seem to deal either with temporal successions of the relations, or with
more or less linear arrangements of the participants. Furthermore, while,
for example, follow can be so used, precede cannot, witness Langendoen's
(17) The guests followed/??preceded one another (into the room)
Examples from other languages where chaining and reciprocal situ-
ations are encoded by the same construction are given in (18)-(22), the
first member of each pair illustrating a chaining situation, the second a
reciprocal. From the data that I have come across it appears that those

languages have restrictions on the use of predicates in reciprocal construc-

tions encoding chaining situations that are comparable to those of English.
(18) a. Shitai ga kasanari -a-tte iru
corpse SU pile-on-top X GER be
'The corpses are piled on top of one another.'
[Closed-chain interpretation excluded.]
b. Karera wa naguri -a -tta
they TOP punch X PAST
'They punched each other.'
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(19) a. Tamoata di -e -taga

man they-REAL X follow
'The men followed one another.'
b. Natu di -e -un -ru
child they-REAL X hit DU
'The two children hit each other.'
(20) a. ahko'-to-wak
come X they
'They come one after the other.'
b. na'tama-to-wak
help X they
'They help each other.'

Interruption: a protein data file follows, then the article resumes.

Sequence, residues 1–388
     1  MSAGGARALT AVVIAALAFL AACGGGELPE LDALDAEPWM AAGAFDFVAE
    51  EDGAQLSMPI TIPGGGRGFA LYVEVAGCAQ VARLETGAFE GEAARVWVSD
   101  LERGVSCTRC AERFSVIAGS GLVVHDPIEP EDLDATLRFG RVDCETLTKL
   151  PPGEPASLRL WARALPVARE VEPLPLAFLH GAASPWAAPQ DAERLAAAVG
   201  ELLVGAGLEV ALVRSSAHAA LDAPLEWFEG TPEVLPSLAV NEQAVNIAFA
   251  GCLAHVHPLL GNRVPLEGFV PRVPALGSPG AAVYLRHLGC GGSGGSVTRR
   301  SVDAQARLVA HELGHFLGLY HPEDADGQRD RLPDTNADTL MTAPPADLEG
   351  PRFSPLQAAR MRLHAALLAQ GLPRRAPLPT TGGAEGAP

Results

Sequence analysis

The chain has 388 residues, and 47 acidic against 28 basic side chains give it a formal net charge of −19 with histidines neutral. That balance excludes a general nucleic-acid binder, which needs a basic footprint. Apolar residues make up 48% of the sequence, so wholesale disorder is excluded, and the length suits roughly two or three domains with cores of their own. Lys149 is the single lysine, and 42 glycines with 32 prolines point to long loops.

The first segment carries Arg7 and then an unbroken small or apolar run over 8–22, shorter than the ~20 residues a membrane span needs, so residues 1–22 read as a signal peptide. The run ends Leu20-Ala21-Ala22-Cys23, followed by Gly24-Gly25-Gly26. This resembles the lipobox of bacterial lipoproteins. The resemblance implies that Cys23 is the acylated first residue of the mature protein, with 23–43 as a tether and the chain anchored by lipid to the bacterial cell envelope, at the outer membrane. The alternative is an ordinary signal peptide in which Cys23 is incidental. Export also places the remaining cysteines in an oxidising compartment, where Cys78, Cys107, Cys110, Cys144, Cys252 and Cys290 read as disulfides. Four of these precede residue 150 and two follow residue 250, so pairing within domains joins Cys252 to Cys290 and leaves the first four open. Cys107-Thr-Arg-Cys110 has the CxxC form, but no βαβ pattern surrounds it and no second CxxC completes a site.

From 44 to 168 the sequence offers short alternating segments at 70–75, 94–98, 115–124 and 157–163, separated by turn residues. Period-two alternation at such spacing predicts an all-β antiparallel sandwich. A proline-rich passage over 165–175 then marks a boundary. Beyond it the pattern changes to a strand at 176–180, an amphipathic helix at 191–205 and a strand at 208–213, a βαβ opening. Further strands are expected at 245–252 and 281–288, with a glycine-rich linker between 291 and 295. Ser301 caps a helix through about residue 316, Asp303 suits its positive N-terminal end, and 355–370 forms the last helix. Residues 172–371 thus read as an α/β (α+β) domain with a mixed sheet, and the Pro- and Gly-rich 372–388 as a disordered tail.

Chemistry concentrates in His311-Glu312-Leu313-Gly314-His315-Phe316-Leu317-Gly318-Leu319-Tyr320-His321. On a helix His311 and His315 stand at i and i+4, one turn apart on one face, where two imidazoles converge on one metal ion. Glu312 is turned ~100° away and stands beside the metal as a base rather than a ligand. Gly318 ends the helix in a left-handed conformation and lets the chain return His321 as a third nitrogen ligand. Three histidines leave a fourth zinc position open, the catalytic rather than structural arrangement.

(21) a. ¡nduna ya-6a -khuza 6e -ma ßa -landela-na
officer he them shout-at PARTIC stand they follow X
'The sergeant major shouted at them and they lined up.'
b. Ga -ßona-na e -mgwaqw-eni wo ßa -nika-na
they see X LOC road LOC INTERJ they tear X
'They met on the road and didn't they go for one
(22) a. egymast követi b. egymdst éri
X follow X touch
'follow/succeed one another' 'touch each other'

In a reflexive situation, a participant stands in some relation to himself/
herself/itself rather than to any other—see (23) and Figure 5:
(23) / hit myself with a hammer

Figure 5. The reflexive situation

In contrast to the other three situation types—reciprocal, chaining

and collective—the reflexive type is the only one that may consist of a
single relation: all the others must have at least two. A reflexive situation
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may, of course, consist of more than one relation:

(24) The players praised themselves
In (24) the reflexive pronoun may be interpreted as having either: (i)
individual reference (A praised A; B praised B); or (ii) set reference (A
praised A and B; B praised B and A). This kind of ambiguity is of no
relevance to the matters under discussion here.
In languages in which reciprocal and reflexive situations are
expressed by identical means, sentences encoding multiple relations may
be ambiguous between a reciprocal and a reflexive interpretation.
(25) Prastili se
they-hit X
'They hit each other/themselves.'